Embrace the Shadow somewhat circumvents that. What's more, being 2 mana less than the Soulpriest, you can either use it on curve earlier in the game (to clear, say, a strong aggro shaman board), or play it any turn you would have Soulpriest but have 2 more mana to spend on something else, whether that's a Hero Power to deal 2 damage (to the face or to a stronger, surviving enemy minion), or playing a minion of your own after the board clear. The advantage to Auchenai Soulpriest is that there's a minion on the board.
Shadow Word: Horror seems like an anti-aggro tech choice. But I'm not sure it's really worth it. For 1 more mana you can cast Holy Nova, and for 2 less mana you can cast Embrace the Shadow into Circle of Healing. (What Shadow Word: Horror has over the latter combo is that it uses fewer cards, and does not also wreck your own board if you have one.)
Embrace the Shadow - Good
Shadow Word: Horror - Poor
I suspect that anyone who would run two Auchenai Soulpriests in their deck will replace one with Embrace the Shadow, and anyone who runs one Soulpriest will replace it. Because Soulpriest is hardly a universal priest workhorse, a Good rating is as good as Embrace the Shadow is going to get.
Shadow Word: Horror is probably not good enough to be a 1-of in your deck, unless you're running into so many board flooding minions that two Holy Novas just won't cut it.
Last, but not least, let's look at Valeera. The rogue class was well served by its legendary card, reviewed in the previous post. Let's see if it can come up with any other winners:
Interestingly, all the rogue cards introduced thus far, including Xaril, have the theme of adding cards to your hand without thinning your deck (too much).
|Awww, isn't that mini-Ragnaros cu-|
|Tastes good black, or even with milk and sugar.|
|Homeopathy for the undead?|
Shadowcaster is a reasonably meagre body, with 4/4, for a 5-mana minion. However, its battlecry is very powerful. Follow up someone like Brann Bronzebeard, Antique Healbot (in Wild format), Reno Jackson, Edwin VanCleef, or any solid minion whose value doesn't depend on its stats with Shadowcaster. That the resulting minion costs 1 mana is a big benefit, making it easier to trigger Combo effects. (In particular, a 1-mana Edwin VanCleef doesn't lose anything being 1/1, as most of his power comes from his Combo effect.) There could be some issues, though, with fitting this in to a rogue deck, given Azure Drake comfortably fills the 5-mana minion slot. Also, the Shadowcaster's statline could be an issue if you're not getting immediate value out of its battlecry (such as if you had to play it on curve).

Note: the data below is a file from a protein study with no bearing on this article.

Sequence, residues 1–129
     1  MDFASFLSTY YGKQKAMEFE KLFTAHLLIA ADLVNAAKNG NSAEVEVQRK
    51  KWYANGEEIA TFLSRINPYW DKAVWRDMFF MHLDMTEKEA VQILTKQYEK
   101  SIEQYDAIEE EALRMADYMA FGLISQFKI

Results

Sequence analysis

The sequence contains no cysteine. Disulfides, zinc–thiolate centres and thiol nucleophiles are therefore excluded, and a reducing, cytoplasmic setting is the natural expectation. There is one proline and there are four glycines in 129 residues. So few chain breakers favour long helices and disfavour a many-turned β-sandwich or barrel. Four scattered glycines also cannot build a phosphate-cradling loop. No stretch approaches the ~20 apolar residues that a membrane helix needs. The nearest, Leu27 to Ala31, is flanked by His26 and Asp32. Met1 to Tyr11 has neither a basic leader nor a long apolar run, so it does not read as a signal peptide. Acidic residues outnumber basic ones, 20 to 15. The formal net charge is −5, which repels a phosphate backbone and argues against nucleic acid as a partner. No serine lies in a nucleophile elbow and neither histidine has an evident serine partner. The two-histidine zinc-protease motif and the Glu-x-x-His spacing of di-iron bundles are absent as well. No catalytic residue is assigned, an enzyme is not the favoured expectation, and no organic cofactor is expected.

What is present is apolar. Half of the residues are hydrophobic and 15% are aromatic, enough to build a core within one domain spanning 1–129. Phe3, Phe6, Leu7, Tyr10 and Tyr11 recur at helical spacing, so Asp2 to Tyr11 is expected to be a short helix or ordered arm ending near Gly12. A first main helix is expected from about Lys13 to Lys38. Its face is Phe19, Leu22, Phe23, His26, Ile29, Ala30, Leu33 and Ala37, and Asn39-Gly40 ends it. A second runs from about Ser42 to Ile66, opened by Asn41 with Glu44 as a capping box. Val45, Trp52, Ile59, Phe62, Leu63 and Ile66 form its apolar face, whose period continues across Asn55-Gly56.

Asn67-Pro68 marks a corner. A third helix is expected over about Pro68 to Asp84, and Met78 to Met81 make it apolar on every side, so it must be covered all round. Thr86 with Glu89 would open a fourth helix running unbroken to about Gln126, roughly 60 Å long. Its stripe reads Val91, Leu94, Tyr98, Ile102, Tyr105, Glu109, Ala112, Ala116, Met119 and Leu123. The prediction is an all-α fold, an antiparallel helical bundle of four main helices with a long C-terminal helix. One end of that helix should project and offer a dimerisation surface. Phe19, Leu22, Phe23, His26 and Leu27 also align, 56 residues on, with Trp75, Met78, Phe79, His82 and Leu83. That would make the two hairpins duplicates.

Thistle Tea is an interesting spell. It's expensive, at 1 mana less than Sprint, but it has an interesting effect: you draw a card, and then whatever it is, you add two more of it to your hand. I really like the effect, but I'm not sure you'd replace Sprint for it in most decks. I suspect that in Wild format, when you could end up with multiples of Antique Healbot, Piloted Shredder, or Tinker's Sharpsword Oil, there's much more potential for this card than in Standard format.
Undercity Huckster superficially resembles the 2-value 2/2 Dark Peddler in that it also generates a new card. The differences, though are that the Huckster's card generation triggers on a deathrattle, can be any mana cost, and the card generated is strictly one of the opponent's class cards. It's likely to be much more random than the Dark Peddler's effect, even though the Dark Peddler has a larger pool of cards to draw from (about twice as many available 1-mana cards than class cards) because the Dark Peddler uses the Discovery mechanic, meaning you choose one from three available choices. It's also got a much wider variance than the Dark Peddler draw. If you get a set of really bad choices with Dark Peddler, well, at least what you get is only 1 mana. With Undercity Huckster, you could end up with, say, Druid of the Fang (even though you have no Beasts in your deck). On the upside, you could get something that works well with Combo effects, or a real decisive card (Archmage Antonidas in your Malygos deck, say). I don't play lots of rogue, so I'd have to say that whether you use this card or not would largely depend on the deck you're playing, and how much room you have in your 2-mana slot. (Deathrattle rogues playing in Wild won't have room for this deck. Rogues in Standard mode might.)
Shadowcaster - Fair
Thistle Tea - Fair in Wild, Good in Standard
Undercity Huckster - Fair
I think all of these are decent choices, but it's hard to see where to make room to fit them into a deck. As the meta settles, I think we'll see them appearing as 1-of cards. Undercity Huckster might show up as a 2-of in the 2-mana slot if there aren't any obviously superior picks in Standard format.
That's it for this round of reviews. Stay tuned for more!